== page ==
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A mandatory font change in Calibri is causing unrest within the US State Department

The looming possibility that the country will default on its debts(Opens in a new window) could have far-reaching and dire consequences, but a second crisis has shaken the core of the State Department: a mandatory font switch from Times New Roman to Calibri.

Changes are afoot at the US State Department under Secretary of State Antony Blinken, who in a email provided to the Washington Post(Opens in a new window), changes the font for high-level internal documents to be more readable for the visually impaired. The mandate is established on the proposal of the diversity and inclusion secretariat.

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According to The mail, the move was not well received within the State Department, with employees complaining about the inconvenience of the change and the unaesthetic font choice. That’s what an officer of the State Department said The mail that informal discussion of the font mandate ended up taking up “half a day” between those for and against the change. Another employee said they expected an “internal revolt”. One officer even went so far as to say the switch is “sacrilegious.”

Light-hearted or not, the idea of ​​federal employees spending half their workday on heated discussions about fonts doesn’t inspire confidence, to say the least. This is also not the first time such a switch has happened. In fact, Times New Roman was the sacrilegious font change in 2004, when the State Department phased out the use of Courier New 12, the typewriter font. That move also met with setbacks at the time, according to Gizmodo(Opens in a new window). Time is a flat, sans-serif “O” for paraphrase a great philosopher(Opens in a new window).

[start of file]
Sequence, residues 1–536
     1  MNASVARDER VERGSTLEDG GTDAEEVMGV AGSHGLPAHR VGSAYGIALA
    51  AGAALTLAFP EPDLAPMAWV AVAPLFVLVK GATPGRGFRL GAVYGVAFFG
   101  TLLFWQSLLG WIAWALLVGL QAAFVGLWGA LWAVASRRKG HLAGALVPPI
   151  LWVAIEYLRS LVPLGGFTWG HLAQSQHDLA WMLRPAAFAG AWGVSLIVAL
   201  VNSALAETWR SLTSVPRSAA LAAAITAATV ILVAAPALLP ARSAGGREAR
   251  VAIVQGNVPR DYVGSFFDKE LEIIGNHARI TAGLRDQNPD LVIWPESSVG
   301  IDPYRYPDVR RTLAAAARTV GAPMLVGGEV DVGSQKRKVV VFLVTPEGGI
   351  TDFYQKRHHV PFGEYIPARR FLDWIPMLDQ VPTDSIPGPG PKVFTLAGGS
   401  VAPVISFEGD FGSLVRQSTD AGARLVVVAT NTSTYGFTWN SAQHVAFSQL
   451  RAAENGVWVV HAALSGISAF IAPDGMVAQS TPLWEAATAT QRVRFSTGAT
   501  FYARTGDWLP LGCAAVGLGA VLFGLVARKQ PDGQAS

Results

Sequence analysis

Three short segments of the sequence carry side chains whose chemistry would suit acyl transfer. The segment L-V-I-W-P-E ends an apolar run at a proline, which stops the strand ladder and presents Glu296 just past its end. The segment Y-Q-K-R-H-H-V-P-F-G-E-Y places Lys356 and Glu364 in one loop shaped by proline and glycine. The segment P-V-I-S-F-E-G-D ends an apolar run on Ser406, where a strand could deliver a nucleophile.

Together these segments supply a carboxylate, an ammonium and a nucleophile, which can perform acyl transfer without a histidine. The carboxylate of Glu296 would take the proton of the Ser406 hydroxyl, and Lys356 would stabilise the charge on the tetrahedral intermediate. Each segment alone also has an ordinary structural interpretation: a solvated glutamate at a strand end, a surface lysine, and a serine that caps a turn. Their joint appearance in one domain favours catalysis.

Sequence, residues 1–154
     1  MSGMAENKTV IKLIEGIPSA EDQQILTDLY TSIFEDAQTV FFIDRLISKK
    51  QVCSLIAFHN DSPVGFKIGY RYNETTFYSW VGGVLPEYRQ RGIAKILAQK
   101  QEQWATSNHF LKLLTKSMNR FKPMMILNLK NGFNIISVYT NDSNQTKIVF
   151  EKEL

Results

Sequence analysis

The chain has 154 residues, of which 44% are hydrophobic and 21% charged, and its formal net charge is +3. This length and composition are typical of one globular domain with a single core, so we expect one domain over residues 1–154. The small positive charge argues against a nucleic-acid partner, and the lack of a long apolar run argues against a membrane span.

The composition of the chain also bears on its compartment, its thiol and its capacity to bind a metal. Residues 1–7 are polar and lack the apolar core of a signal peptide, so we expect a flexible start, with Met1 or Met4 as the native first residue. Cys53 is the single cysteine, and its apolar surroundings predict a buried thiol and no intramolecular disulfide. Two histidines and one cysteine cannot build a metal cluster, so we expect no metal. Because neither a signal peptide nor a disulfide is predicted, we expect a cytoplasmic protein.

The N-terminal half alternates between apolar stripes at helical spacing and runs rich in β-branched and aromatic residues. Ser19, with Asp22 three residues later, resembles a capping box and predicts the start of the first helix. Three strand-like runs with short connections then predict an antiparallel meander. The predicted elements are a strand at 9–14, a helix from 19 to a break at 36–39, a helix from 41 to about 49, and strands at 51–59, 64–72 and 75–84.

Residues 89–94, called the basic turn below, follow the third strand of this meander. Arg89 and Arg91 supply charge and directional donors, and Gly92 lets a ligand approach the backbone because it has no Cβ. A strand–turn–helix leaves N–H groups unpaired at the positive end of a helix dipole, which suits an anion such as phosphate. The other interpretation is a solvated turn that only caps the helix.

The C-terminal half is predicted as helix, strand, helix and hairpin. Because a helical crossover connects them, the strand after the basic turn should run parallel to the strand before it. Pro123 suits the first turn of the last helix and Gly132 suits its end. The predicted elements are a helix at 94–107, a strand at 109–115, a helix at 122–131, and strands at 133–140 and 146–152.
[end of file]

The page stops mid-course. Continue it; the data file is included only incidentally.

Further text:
State Department officials have told The Post that the font mandate is purely for accessibility and has nothing to do with aesthetics. In an email obtained by the Post, Blinken stated that the “decorative, angular features” of Times New Roman and other authors “could introduce accessibility issues for individuals with disabilities using Optical Character Recognition Technology or screen readers.” And there really is some experimental evidence(Opens in a new window) document the greater readability(Opens in a new window) of sans-serif fonts, although this is far from definitive.

Experts speak The mail have praised the move, stating that with tens of thousands of employees working at the State Department, it is a “good thing” to be more accessible to readers. According to Blinken’s email, the department’s domestic and international offices have until Feb. 6 to approve the changes.

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